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Facts About Xanax Addiction

Xanax is a drug that many psychiatrists and physicians refuse to prescribe. It is highly effective when used appropriately, but users of Xanax are prone to abuse and Xanax addiction. Upon initial ingestion of Xanax, users report decreased anxiety. In addition, they report the following:

  • Drowsiness
  • Trouble with concentration
  • Decreased motor skills/clumsiness
  • Slurred speech
  • Sensations of carelessness

It does not take long for a person to become addicted to Xanax. Once the initial euphoric, carefree sensation is inhibited, the user is often prone to seeking out the drug again and again to experience the same feeling. Over time, he or she shows symptoms of addiction and is no longer taking the drug to feel the effects — rather, the individual is taking Xanax to sustain feelings of normalcy and attain an “even-keeled” state of mind.

Addiction is a disease that can affect anyone regardless of race, gender, ethnicity, or age. Its onset is difficult to pinpoint. Once a person becomes addicted to Xanax, he or she loses the ability to control when and if the next pill is to be taken. People addicted to Xanax sometimes abuse the drug by injecting it, or crushing and snorting it. Such methods result in rapid release of Xanax chemicals into the brain. Users feel its effects more intensely and within a shorter period of time. Once an individual has crossed the line into addiction, he or she may feel compulsive urges to use Xanax despite debilitating consequences. For example, a man who is addicted to Xanax sells his prized Jaguar in order to obtain money for his Xanax addiction. In severe cases he may refinance his home, embezzle from his employer, or obtain credit card debt to feed his habit.

Addicts often need an outside intervention in order to be helped. They are too entrenched in the disease to help themselves. Other options include 24/7 rehabilitation centers for drug treatment, outpatient drug treatment programs, and/or weekly substance abuse counseling.

Sudden cessation of Xanax is not advisable. Physicians generally set clients up on a schedule to wean them off over a specified period of time. Withdrawal symptoms of Xanax are severe and require medical assistance. Severe cases of Xanax use require the individual to be medically detoxed from Xanax in a safe setting. Thus, rehabilitation for Xanax addiction is frequently recommended. Side effects from cessation of Xanax use include:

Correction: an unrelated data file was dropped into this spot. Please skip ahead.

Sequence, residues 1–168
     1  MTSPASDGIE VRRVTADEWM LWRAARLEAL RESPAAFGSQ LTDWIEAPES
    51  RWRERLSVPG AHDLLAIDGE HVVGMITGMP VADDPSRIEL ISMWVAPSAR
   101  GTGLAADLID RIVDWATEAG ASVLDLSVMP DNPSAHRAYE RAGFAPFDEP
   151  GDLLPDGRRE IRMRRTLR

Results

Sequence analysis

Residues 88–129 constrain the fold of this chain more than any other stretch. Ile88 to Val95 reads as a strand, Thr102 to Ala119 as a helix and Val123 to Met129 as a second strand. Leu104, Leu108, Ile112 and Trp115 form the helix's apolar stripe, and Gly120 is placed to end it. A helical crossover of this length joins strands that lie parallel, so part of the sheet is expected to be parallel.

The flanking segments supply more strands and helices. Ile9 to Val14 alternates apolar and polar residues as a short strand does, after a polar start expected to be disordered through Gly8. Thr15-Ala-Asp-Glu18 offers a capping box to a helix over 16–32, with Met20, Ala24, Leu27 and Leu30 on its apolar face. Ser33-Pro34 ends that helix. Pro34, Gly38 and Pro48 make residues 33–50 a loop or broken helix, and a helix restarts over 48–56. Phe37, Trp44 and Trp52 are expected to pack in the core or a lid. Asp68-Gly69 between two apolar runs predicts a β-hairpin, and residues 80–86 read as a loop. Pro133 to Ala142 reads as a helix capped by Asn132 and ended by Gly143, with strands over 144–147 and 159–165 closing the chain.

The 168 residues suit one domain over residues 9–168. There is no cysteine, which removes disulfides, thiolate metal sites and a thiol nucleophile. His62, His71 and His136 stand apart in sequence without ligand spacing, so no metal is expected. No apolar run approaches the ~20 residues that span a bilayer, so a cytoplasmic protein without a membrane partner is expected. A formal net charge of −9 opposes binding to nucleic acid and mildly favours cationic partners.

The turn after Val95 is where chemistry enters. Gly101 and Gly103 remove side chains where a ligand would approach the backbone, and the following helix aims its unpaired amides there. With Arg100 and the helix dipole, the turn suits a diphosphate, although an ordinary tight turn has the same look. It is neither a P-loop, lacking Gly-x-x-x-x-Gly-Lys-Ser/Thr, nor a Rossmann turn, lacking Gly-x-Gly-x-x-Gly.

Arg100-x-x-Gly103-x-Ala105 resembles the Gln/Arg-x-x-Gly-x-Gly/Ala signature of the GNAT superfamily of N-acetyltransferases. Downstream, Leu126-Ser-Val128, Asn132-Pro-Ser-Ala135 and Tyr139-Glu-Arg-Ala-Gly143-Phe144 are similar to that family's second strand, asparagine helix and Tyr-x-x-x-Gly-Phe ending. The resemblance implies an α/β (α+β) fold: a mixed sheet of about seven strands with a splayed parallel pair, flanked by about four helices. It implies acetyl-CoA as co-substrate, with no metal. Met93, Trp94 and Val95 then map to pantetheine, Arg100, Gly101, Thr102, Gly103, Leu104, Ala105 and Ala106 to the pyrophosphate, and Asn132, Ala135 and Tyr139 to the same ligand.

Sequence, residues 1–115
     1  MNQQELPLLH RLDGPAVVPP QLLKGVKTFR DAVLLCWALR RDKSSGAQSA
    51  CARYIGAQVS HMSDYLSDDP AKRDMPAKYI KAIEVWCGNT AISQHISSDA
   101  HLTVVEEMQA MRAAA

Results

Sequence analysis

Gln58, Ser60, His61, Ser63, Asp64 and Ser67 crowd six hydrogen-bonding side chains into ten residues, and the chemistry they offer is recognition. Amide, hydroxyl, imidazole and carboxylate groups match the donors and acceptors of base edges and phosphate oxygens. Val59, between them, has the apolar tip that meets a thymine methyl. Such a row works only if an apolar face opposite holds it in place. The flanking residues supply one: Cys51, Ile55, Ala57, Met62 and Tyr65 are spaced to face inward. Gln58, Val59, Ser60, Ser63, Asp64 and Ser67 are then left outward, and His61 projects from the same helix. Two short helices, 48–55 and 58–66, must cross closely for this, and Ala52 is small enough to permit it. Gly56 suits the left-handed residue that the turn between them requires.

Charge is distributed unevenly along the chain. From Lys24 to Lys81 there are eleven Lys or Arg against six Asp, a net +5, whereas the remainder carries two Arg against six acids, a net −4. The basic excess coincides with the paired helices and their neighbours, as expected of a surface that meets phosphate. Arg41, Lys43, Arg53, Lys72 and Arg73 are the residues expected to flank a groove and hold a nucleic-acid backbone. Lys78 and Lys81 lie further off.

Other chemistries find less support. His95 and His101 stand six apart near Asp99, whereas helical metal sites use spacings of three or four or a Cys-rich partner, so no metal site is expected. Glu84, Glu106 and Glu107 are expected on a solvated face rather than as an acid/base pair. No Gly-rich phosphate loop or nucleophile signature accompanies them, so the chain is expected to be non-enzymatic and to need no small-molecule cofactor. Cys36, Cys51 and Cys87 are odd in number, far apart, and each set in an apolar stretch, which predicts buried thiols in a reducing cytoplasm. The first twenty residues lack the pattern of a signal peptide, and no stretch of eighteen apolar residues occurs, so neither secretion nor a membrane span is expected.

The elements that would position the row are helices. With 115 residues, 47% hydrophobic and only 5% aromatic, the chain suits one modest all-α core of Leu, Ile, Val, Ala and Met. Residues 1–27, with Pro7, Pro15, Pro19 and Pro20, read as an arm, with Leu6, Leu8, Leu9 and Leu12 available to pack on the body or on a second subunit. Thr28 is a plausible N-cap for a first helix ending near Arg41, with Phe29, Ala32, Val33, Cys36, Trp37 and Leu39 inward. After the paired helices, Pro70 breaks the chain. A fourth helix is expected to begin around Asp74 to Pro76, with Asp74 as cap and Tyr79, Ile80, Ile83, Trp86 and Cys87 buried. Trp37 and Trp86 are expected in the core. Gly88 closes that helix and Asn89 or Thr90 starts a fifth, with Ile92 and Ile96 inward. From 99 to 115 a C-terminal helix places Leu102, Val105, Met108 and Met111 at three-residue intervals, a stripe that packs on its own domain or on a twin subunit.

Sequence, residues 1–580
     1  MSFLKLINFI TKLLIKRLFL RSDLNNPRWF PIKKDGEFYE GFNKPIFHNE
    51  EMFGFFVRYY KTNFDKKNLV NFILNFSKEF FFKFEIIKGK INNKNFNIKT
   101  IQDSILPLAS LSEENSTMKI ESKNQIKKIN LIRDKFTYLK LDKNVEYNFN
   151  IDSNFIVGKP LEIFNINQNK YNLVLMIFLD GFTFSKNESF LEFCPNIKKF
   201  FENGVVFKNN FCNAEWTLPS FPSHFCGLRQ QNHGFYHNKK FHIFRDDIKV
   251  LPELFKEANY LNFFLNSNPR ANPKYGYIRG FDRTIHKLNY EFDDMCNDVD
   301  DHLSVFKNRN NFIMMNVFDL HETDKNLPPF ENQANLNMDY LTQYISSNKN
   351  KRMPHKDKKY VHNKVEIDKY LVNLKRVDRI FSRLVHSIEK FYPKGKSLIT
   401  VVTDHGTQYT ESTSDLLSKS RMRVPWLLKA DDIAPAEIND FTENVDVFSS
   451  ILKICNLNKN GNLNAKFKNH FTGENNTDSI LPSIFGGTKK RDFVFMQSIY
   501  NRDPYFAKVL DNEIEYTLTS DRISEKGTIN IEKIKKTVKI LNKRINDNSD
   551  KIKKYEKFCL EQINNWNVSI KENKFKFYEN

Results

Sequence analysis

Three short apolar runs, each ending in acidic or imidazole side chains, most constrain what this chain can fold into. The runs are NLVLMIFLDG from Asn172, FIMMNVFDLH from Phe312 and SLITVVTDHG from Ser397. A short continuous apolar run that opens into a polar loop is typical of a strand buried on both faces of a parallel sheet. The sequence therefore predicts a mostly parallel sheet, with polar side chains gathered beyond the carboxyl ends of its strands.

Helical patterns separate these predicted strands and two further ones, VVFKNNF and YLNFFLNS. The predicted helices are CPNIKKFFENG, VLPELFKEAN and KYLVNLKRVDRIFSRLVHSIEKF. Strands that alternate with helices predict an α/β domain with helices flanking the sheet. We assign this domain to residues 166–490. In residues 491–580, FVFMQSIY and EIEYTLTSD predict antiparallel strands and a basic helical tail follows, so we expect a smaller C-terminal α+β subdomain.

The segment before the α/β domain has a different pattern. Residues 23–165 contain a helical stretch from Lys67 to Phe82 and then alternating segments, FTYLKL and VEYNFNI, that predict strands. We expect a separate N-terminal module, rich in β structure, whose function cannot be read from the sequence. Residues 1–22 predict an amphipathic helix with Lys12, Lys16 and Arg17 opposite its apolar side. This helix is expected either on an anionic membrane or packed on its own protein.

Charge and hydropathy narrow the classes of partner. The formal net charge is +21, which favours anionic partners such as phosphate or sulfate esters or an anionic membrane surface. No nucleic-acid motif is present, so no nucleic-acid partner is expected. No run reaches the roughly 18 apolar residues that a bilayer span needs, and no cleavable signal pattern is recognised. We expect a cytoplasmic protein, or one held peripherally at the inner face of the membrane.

• Nausea
  • Vomiting
  • Dizziness
  • Headache
  • Anxiety and irritability
  • Difficulty sleeping
  • Hot and cold chills
  • Fatigue
  • Spurts of sad emotions
  • Realistic and vivid dreams

Without medical assistance, patients who stop Xanax use on their own are susceptible to seizures, dramatic psychological effects, and emotional hardship. The detox process from Xanax in residential treatment centers generally lasts from 10-14 days. Once free of Xanax, addicts meet with counselors, therapists, and psychiatrists to discuss alternative approaches to anxiety management. They also can talk about underlying issues that have contributed to the addiction. For instance, a Xanax addict may have underlying bipolar disorder that has gone undiagnosed for years. Through treatment, he or she can address the disorder’s ramifications on their behaviors and choices. Medication for this type of dual diagnosis will be administered as needed.

Be patient if your loved one is recovering from a Xanax addiction. Xanax is just as psychologically addictive as it is physically addictive. Patients must mourn the loss of their coping mechanism and friend, i.e. Xanax, on their own terms. This may involve a substantial grieving period for which the patient recognizes that Xanax is no longer a part of their life. Alternative ways to deal with stress may entail exercise, meditation, prayer, spiritual enlightenment, deep breathing methods, and keeping a journal.